JACKSONVILLE, Fla. — Irma slowly weakened from a hurricane into a tropical storm Monday as it traveled over northern Florida and moved into southern Georgia, displacing thousands of people, leaving millions without electricity and causing record-setting floods.
The storm, which hit the lower Florida Keys on Sunday morning before traveling up the state’s southwestern coast, has left 6.7 million Floridians without power and driven roughly 200,000 people to shelters across the state. Outages could last for weeks, White House homeland security adviser Tom Bossert warned Monday.
At least nine people have died in Florida, Georgia and South Carolina as a result of the storm. Officials cautioned residents to remain off the roads and not return to their homes until evacuation orders are lifted.
In the state’s northeastern corner, Jacksonville felt the brunt of Irma’s storm surges as the banks of the city’s rivers and tributaries overflowed, inundating city streets. Storm debris littered the roads, and damaged boats could be seen in some of the city’s waterways.
Elsewhere in the state, many cities remained virtually deserted even as storm conditions subsided. Shelters remained filled with some of the millions told to evacuate their homes ahead of the storms. Stores and restaurants remained shuttered, and no fuel was available at gas stations.
Nearby states also began to feel the wallop of Irma on Monday. Flash floods hit downtown Charleston, South Carolina, while nearly 1 million people in Georgia lost power as the storm thumped the coast.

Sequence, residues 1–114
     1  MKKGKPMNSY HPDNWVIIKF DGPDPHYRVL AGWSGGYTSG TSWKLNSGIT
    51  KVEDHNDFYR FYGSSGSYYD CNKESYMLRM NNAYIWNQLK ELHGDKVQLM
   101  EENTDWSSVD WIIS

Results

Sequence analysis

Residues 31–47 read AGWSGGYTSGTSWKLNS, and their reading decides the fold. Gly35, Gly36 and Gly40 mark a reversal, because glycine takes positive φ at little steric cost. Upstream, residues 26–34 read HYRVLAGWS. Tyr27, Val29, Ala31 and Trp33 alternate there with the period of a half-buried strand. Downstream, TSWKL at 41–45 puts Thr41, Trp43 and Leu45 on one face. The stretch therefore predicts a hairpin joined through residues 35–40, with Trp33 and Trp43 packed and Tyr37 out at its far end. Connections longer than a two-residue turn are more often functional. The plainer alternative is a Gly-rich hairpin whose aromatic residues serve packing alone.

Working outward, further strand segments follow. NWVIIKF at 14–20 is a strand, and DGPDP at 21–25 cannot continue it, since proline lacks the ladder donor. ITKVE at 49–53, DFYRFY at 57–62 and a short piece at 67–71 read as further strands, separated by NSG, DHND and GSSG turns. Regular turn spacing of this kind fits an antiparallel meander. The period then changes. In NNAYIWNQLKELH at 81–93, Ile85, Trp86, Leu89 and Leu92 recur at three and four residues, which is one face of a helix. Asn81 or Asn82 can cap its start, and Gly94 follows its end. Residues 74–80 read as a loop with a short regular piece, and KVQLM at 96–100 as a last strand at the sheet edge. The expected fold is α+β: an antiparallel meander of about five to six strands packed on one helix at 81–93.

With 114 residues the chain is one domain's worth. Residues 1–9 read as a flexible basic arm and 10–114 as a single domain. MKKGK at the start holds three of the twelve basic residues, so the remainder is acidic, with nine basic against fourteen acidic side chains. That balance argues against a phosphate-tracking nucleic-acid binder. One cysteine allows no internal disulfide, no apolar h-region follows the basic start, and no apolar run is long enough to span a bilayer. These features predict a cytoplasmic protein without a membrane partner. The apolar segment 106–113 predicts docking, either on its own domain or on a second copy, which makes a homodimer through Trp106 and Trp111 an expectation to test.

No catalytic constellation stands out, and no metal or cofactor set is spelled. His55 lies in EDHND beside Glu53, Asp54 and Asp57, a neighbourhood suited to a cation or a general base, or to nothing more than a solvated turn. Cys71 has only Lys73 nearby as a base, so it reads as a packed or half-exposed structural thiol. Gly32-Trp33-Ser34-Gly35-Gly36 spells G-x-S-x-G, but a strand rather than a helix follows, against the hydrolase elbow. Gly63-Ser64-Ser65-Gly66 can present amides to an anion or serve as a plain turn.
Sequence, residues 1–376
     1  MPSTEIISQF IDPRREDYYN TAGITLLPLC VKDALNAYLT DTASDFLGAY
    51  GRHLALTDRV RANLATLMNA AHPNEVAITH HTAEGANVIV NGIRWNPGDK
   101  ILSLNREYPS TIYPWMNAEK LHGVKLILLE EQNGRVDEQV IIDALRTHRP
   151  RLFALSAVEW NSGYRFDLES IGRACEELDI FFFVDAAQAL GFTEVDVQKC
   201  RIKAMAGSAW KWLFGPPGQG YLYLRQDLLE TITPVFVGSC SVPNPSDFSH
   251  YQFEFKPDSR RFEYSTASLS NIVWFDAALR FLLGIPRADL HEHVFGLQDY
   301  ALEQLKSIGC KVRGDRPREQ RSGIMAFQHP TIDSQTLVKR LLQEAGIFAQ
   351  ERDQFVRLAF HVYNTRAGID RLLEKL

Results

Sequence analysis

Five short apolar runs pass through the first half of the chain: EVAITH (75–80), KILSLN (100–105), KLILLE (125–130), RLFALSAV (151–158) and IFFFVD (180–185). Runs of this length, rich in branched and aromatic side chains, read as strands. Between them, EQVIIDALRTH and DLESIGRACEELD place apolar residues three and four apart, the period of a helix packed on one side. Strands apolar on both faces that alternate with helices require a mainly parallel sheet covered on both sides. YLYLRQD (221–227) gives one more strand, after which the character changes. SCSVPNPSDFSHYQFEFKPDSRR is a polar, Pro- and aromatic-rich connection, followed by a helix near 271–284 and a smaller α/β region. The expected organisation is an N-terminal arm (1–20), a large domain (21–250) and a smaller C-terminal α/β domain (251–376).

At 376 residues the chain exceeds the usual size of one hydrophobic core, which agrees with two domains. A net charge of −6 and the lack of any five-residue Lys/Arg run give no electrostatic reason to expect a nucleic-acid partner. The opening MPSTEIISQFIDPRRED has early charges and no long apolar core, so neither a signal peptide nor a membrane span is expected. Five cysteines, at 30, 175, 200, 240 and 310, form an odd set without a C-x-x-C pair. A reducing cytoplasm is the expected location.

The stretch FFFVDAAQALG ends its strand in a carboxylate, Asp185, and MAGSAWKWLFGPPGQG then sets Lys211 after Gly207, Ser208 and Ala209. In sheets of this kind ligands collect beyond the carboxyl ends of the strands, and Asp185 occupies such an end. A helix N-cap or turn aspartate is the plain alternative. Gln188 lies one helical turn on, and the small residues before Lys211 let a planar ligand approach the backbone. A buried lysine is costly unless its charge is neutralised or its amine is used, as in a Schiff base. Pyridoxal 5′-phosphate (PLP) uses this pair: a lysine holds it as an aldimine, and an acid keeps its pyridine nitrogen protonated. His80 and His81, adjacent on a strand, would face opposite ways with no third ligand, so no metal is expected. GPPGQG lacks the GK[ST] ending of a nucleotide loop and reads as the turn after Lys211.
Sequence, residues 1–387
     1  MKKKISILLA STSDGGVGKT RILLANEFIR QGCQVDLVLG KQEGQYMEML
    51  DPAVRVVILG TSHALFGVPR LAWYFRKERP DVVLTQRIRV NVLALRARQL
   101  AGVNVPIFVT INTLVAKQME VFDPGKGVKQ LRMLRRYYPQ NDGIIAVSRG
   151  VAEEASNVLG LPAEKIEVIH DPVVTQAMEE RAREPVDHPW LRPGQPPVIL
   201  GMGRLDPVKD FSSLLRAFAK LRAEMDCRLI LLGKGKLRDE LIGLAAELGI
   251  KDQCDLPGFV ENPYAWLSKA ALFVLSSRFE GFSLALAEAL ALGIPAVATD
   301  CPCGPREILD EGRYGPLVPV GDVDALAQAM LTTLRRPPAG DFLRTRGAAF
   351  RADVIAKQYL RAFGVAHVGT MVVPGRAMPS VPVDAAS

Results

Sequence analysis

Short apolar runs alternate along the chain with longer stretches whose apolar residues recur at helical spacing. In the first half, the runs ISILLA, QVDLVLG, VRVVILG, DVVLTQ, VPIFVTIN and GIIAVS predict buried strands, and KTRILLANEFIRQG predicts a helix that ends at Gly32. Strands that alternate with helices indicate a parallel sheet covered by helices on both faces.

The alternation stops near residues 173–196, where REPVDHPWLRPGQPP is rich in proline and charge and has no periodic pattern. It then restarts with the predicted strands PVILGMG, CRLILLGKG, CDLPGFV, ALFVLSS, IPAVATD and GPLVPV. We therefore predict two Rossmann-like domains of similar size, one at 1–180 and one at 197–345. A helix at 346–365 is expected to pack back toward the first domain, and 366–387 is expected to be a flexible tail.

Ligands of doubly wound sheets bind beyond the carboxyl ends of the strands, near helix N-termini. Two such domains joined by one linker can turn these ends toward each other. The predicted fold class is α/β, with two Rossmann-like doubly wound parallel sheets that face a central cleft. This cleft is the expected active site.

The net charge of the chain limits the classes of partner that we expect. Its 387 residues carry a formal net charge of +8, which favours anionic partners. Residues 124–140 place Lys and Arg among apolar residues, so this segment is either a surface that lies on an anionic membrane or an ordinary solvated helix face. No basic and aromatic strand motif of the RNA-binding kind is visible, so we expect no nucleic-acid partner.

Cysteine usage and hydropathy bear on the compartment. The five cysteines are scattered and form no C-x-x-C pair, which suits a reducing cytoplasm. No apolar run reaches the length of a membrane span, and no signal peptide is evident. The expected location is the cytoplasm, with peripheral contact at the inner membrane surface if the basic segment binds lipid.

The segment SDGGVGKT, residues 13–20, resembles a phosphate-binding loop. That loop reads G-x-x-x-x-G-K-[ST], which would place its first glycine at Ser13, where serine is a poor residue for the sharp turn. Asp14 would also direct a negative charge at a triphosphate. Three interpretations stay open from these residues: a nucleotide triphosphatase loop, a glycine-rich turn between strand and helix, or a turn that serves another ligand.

While damage to Florida’s west coast was less severe than forecasts anticipated, Gov. Rick Scott told residents to brace for a lengthy recovery.
“For the entire state, but especially for the Keys, it’s going to be a long road,” the Republican governor said.
And in the Caribbean, which Irma devastated late last week, residents began what will likely be a years-long process of recovery and rebuilding after the storm tore across the region, killing at least 38 people and leaving the island of Barbuda “barely habitable.”
The storm, which at its peak was designated a Category 5 hurricane with sustained winds of 185 mile per hour, is expected to become a tropical depression Tuesday as it moves into eastern Alabama.
David Lohr, Travis Waldron and Sebastian Murdock contributed reporting from Florida. Lydia O’Connor and Hayley Miller also contributed to this report.
Read more updates about Hurricane Irma: Huffingtonpost.com